August Rauhut, 1888

Actes/Posen/Gnesen/August Rauhut (Als Deutschenseelsorger in Posen und im Warthegau 1934-1945 Erinnerungen).jpg
August Rauhut
Given names
Birth September 21, 1888

6ème président de la République Française
Jean Casimir-Perier
June 27, 1894 (aged 5 years)

7ème président de la République Française
Félix Faure
January 17, 1895 (aged 6 years)

8ème président de la République Française
Emile Loubet
February 18, 1899 (aged 10 years)

Séparation des Églises et de l’État Française
Loi du 9 décembre 1905 relative à la séparation des Églises et de l’État
December 9, 1905 (aged 17 years)

9ème président de la République Française
Armand Fallières
February 18, 1906 (aged 17 years)

10ème président de la République Française
Raymond Poincaré
February 18, 1913 (aged 24 years)

April 10, 1913 (aged 24 years)
11ème président de la République Française
Paul Deschanel
February 18, 1920 (aged 31 years)

12ème président de la République Française
Alexandre Millerand
September 23, 1920 (aged 32 years)

Parti Communiste Français
Naissance du Parti Communiste Français
December 25, 1920 (aged 32 years)

Note: Congrès de Tours
13ème président de la République Française
Gaston Doumergue
June 13, 1924 (aged 35 years)

14ème président de la République Française
Paul Doumer
June 13, 1931 (aged 42 years)

15ème président de la République Française
Albert Lebrun
May 10, 1932 (aged 43 years)

Front populaire
Victoire du Peuple
May 3, 1936 (aged 47 years)

Guerre civile
Guerre civile d’Espagne
July 17, 1936 (aged 47 years)

Residence September 21, 1939 (aged 51 years)
Seconde Guerre mondiale
from September 3, 1939 to May 8, 1945 (aged 56 years)

Régime politique
Gouvernement de Vichy
July 11, 1940 (aged 51 years)

Régime politique
Gouvernement Provisoire de la République Française
June 2, 1944 (aged 55 years)

Régime politique
IVe République
October 24, 1946 (aged 58 years)

16ème président de la République Française
Vincent Auriol
January 16, 1947 (aged 58 years)

17ème président de la République Française
René Coty
January 16, 1954 (aged 65 years)

Régime politique
Ve République
October 5, 1958 (aged 70 years)

18ème président de la République Française
Charles de Gaulle
January 8, 1959 (aged 70 years)

19ème président de la République Française
Georges Pompidou
June 20, 1969 (aged 80 years)

20ème président de la République Française
Valéry Giscard d’Estaing
May 27, 1974 (aged 85 years)

21ème président de la République Française
François Mitterrand
May 21, 1981 (aged 92 years)


Family with parents
Marriage: before 1888
9 months
Actes/Posen/Gnesen/August Rauhut (Als Deutschenseelsorger in Posen und im Warthegau 1934-1945 Erinnerungen).jpg
Birth: September 21, 1888Dambitsch (Dabecz- Dambecz- Dambsch- Dem, Lissa (Lezno), Posen
Occupation: Pastor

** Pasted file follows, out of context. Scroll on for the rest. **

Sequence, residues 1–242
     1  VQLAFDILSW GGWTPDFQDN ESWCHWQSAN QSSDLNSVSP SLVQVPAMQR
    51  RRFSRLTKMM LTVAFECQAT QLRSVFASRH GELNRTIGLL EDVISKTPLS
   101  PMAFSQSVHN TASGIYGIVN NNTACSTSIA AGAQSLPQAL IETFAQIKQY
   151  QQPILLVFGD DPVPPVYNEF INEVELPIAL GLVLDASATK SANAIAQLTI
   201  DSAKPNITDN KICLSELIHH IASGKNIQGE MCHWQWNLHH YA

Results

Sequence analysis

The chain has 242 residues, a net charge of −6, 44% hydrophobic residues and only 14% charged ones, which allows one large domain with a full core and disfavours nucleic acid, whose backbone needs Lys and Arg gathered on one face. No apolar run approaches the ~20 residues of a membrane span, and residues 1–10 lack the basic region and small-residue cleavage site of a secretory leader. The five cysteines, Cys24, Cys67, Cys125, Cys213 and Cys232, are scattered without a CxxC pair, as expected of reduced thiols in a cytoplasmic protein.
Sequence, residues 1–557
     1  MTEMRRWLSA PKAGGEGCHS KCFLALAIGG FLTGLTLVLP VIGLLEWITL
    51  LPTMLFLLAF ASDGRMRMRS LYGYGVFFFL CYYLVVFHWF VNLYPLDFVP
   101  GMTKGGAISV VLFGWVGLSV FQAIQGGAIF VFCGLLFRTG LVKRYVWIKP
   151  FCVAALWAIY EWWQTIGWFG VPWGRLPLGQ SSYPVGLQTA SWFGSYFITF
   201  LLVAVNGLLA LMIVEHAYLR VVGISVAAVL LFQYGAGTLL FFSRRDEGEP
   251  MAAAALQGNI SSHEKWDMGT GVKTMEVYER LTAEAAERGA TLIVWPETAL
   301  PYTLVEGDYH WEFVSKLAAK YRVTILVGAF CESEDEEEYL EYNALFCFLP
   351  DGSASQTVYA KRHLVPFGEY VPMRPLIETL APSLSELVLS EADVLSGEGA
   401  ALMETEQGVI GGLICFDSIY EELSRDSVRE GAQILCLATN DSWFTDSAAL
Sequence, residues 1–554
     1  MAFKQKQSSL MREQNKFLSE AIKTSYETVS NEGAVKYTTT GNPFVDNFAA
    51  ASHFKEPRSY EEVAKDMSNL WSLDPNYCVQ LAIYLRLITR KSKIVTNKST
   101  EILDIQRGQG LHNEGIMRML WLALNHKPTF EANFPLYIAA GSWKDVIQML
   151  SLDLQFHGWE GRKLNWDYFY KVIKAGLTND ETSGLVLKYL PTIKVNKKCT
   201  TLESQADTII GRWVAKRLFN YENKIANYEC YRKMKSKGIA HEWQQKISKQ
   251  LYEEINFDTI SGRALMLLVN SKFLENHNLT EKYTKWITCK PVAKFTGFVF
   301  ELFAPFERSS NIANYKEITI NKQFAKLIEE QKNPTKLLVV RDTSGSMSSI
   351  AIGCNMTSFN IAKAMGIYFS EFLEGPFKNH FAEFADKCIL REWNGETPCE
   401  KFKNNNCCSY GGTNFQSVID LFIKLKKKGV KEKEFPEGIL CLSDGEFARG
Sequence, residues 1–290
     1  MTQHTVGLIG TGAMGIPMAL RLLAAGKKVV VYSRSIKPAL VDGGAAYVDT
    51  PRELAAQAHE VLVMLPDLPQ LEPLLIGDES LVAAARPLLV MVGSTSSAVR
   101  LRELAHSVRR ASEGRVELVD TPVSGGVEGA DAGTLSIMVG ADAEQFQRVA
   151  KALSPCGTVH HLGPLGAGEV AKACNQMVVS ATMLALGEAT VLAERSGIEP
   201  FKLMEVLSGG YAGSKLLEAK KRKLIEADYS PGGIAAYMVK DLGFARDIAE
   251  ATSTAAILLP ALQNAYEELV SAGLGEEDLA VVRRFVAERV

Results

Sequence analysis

Note ?90. Pastor Rauhut, minister of the Gnesen German Catholic church, on those abducted from Gnesen ?Investigation Dept. for Breaches of International Law with the Supreme Command Gnesen, Sept. 21, 1939 ?of the German Forces ?Present: ?Hurtig, Judge Advocate. ?Pitsch, Military Inspector of Justice. ?Pastor August Rauhut of Gnesen appeared and declared on interrogation: ?R e P e r s o n : My name is August Rauhut, born on Sept. 21, 1888 at Dambitsch, in the district of Lissa, minister of the German Catholic church in Gnesen, former headmaster of the German private grammar school. deputy chairman of the German Catholic Association in Poland, resident at la Poststrasse, Gnesen. R e M a t t e r : With my party of expelled minority Germans, accompanied by two policemen. I was on the road from Wreschen to Stralkowo. On the way we saw Polish troops stationed at the edge of the wood, and as they saw us passing by the threatened to shoot us, particularly me, as minister. But, accompanied by the two policemen, we nevertheless reached Stralkowo. Just before Stralkowo the two policemen obtained three military lorries for the rest of the journey, for which we had to pay heavily. We were supposed to go to Kossow in the Province of Polesie (Pinsk district). After wandering about for several days in the fields and woods between Stralkowo and Powitz, our party of 42 decided to send 3 men to Powitz; this was on Sept. 7, 1939. These 3 men were to request the authorities in Powitz to allow us either to stay in Powitz or to return to Gnesen. The men's names were: (1) Ernst Wiedemeyer of Gnesen, merchant, ?(2) Farmer Derwanz of Przybrodzin, District of Gnesen, ?(3) Myself, August Rauhut. ?We reached Przybrodzin at eleven o'clock and received personal identification papers from the temporary authorities, and permission for us to settle in Przybrodzin. While these formalities were being completed Herr Wiedemeyer and I saw our third companion, Herr Derwanz, together with my former pupil, Lyk, being taken away be the military, apparently to be shot. We did not see Herr Derwanz again, but later heard that he was supposed to have been buried naked in the Protestant cemetery in Powitz. Derwanz was later found and recognised when persons known to me were opening and examining various graves. At 2.30 a.m. Wiedemeyer and I, with our personal identification papers, and having the permission of the authorities, were returning to our party which was in the wood 2 miles away, in order to bring them into the town. Just before we reached them we were overtaken by a noisy band of armed youths, and were taken back by force and threats of death of all sorts, since they said: "You must go back, your identification papers are no longer valid, you will be shot." They wanted to carry out this threat of death several times on the way. We had to keep apart and were ordered not to speak; Wiedemeyer whispered to me: "If you get away with your life, give my love to my wife and children." When we reached the town, the public attitude to us became very threatening and we were frequently insulted and abused, particularly myself. At 4.30 a.m. we arrived at the commissariat, where the commissar, a Polish landed proprietor, made several grievous remarks on the shooting of Derwanz, which act he actually condemned. We sat for about two hours in the waiting room and were again asked for our identification papers, which were shortly after returned to us, whereupon we were taken away to be shot by 3 shabbily uniformed Polish soldiers, amongst whom was a lame invalid, who was armed, and who showed his brutality to me particularly. Wiedemeyer remained behind. When I was in the corridor I was called back to the conference room, where there were a number of youths, amongst them also an elderly chairman of the so-called shooting commission. He accused me of being a gang leader in possession of a short wave wireless set. When I refuted all this, he said that religious work with short-wave wireless sets was a very bad stain on my character. I realised that my fate was sealed. Then I remembered that my ecclesiastical superiors had given me a letter of recommendation to my Bishop in Polesie. I produced this and they were surprised. Meanwhile the local clergyman entered the conference room and said: "I have no authority over him, transfer him to Gnesen to the deacon, Zablcki, who was at the head of the civil council of Gnesen." I then had to leave the conference room and return to the waiting room. Wiedemeyer was no longer there, and I knew what had happened to him. I suspected at all events that he had been shot in the meantime, because the same fate was to be allotted to me. Shortly afterwards the local clergyman called for me and explained that be had assumed full responsibility for me, and that I must spend the night at the presbytery and would be handed over to my superiors in Gnesen on the following day (Friday Sept. 8, 1939), which actually took place. For my own safety as a priest I was accompanied by another priest who happened to be staying in Powitz, and the local chairman of the civil council. We reached Gnesen despite many reproaches and insults levelled at me on the way. The civil council decided, for my own safety, to put me in the "Hospital of the Grey Sisters," and I stayed there until 11.30 a.m. on Monday September 11, 1939, when the German army marched in and I was freed by a German captain. I would point out that on the journey from Powitz to Gnesen, accusations were continually made that I had a short wave set in the stove or stoves in my home, and because of this I had an investigation made by the chairman of the Civil Committee as to the lack of foundation for these accusations. Thereupon he said to me: "Let me tell you that Mr. Wiedemeyer is no longer alive." He asked me not to say anything. On Thursday, Sept. 14, 1939, the new graves in the cemetery in Powitz were opened by civilians, who had been sent by the town of Gnesen, and the bodies of Derwanz as well as of Wiedemeyer were found. Wiedemeyer's body was particularly mutilated and showed, in particular, bloody wounds on the throat. Both men were murdered by the Polish military. ?In addition to these two men, six more people from the neighbourhood of Gnesen were bestially murdered near their homes by armed civilians. Amongst them were Kropf, and his son-in-law Brettschneider. One of the victims had had his stomach cut open and his head crushed. In Gnesen these deeds were talked of with disgust, even amongst the Poles. In my opinion these civilians were armed by the authorities. This took place during my absence from Gnesen. ?Concerning the state of the dead, the grave-digger of the Protestant cemetery was able to give information, but I cannot remember his name at the moment. The expulsion order was handed to me on September 1, 1939, by the district administrator, and I left Gnesen on September 3, 1939. Dictated, approved and signed. ?August Rauhut ?The witness took the oath ?Concluded: ?(signed) H u r t i g (signed) P i t s c h ?Source: WR II ?siehe auch